Every item in their list is a form of violence – violence to others and violence to our planet. And then comes the realization – at a deep and intrinsic level, these all pertain to violence to ourselves.

At The Gandhi Experiment, we don’t study Gandhi, the man himself, per se. What we do examine is the essence of his messages. To keep it simple, easily learnt and applied, I teach our teenagers what I call the ‘three plus one model’. Essentially, Gandhi stood on three platforms:

1.   In conflict situations, always choose non-violence as a conscious choice.

2.     ‘Satyagraha’, Gandhi’s word for your 'truth-force' or 'soul-force.' Yet when ‘my truth’ does not match ‘your truth’, we always revert to the first platform, to choose a non-violent method to sort out our differences.

3.     The third one is oh-so-relevant to us all today. Gandhi would sit and pray each morning and night. Thoughts would come in; insights and wisdoms that paved the way forward. Then, Gandhi would get off his backside and take action. There it is, the third platform - action. How often do we sit around the dinner table, whinging and whining, blaming the rest of the word for all its problems? Yet we fail to take the actions required to meet real change head on.

And the ‘Plus one’? The over-arching theme that encompasses all three of the ‘platforms’ is to profoundly understand that ‘Change begins with me.’

Gandhi is often quoted as having said the famous line, ‘Be the change you want to see in this world.’ Now a little digging research will tell you, he didn’t say exactly that. To paraphrase, what he did say was, ‘If you can change yourself, the world around you will change.’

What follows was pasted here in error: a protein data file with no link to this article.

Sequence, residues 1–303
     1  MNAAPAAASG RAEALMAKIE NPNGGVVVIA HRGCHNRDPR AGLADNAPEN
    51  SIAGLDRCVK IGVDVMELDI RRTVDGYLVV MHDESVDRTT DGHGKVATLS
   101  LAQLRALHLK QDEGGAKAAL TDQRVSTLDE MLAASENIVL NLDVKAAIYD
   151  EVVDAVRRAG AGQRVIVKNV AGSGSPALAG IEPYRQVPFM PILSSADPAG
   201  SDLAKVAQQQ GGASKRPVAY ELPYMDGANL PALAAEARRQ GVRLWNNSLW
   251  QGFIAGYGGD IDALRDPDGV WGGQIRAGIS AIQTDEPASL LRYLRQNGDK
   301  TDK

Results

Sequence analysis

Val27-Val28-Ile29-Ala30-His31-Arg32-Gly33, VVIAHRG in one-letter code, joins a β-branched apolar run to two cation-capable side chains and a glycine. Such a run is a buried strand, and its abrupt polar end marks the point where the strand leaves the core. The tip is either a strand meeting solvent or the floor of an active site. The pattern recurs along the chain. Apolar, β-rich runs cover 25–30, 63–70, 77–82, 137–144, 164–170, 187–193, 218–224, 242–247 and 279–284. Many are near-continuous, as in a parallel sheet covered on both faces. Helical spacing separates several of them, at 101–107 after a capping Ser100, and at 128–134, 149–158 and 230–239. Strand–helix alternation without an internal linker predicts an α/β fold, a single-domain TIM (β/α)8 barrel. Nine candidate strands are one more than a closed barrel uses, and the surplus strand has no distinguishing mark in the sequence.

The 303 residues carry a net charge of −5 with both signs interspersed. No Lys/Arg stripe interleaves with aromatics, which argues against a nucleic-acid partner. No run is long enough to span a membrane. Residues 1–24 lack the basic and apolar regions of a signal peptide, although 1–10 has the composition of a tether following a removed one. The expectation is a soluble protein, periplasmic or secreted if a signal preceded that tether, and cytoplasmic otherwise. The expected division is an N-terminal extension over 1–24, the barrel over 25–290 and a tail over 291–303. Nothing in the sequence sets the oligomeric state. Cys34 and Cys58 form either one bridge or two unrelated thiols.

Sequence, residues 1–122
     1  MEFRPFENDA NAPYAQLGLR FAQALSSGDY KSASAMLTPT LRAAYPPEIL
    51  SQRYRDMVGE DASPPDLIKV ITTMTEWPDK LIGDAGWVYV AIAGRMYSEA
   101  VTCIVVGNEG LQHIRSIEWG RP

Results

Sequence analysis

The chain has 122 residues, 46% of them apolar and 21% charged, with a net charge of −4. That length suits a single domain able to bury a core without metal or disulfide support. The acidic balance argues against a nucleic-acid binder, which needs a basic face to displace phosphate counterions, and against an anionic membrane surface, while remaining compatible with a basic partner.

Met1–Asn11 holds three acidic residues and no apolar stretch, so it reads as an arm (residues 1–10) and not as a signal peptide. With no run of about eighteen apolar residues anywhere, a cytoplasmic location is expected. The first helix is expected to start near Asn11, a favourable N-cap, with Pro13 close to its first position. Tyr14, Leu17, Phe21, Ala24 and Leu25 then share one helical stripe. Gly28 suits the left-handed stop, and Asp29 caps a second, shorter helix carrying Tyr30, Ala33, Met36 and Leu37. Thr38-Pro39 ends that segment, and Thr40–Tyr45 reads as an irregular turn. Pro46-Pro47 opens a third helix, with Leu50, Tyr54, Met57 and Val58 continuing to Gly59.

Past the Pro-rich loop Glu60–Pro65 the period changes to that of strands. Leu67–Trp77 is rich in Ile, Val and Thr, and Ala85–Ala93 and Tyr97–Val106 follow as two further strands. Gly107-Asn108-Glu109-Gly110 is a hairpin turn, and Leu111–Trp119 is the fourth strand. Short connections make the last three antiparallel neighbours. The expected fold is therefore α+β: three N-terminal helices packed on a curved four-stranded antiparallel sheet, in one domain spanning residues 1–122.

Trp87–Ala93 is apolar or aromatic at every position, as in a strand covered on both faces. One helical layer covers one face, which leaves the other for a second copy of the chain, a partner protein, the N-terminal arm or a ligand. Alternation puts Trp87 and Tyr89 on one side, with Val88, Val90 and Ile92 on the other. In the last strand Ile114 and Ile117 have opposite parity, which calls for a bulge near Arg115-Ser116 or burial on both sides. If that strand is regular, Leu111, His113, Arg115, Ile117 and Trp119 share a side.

Sit for a moment and breath that thought in to your being. If, in mid-screaming match with your teenager or in a heated dispute with a co-worker - what is the change that you can make to effect the change you want to see in this world? If you can change your own behavior, then the world around you will change as well.

What is the change that you can make to effect the change you want to see in this world?
 

It doesn’t mean giving in, or giving up. But it does mean giving – respect, understanding and listening – even at your most troublesome times. And sometimes it means giving all of these things to yourself – respect, understanding and deep listening.

I apply the learning through Gandhian philosophy, making it relevant to today’s context. Here are just a few examples:

1.     ‘Forgiveness is the attribute of the strong’ underpins The Best Forgiveness Role Play Ever.

2.     ‘The world has enough for everyone’s need, but not enough for everyone’s greed’ underpins the Dinner Party to Save the World.

3.     Respect at all times – even for your enemy. ‘It’s always been a mystery to me how people can respect themselves when they humiliate other humans’ underpins Collaborative Debating. I once had a young man, 15 years old, who said to me, ‘We should ask your enemy, what is your truth?’ A young Gandhi in the making.

4.     ‘The enemy is fear. We think it is hate, but it is fear,’ underpins a break-out workshop I run with adults: ‘Why should you never use fear to control a classroom? Why should you never use fear to control your home? Why should you never use fear to control a country?’

And so, so much more.

I often ask myself, why is it that our kids seem to know more about Adolph Hitler and Saddam Hussein than they do about Mohandas Gandhi? Why aren’t we taking the lessons of Gandhi, Mandela and King and using them more effectively in our classrooms? Let’s don’t study them as people of history; let’s study them as lessons for the present. It’s time for us to put these lessons into action.

Peace building is an attribute of the strong.

Will you whisper peace with me?

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www.thegandhiexperiment.com     margaret@margarethepworth.com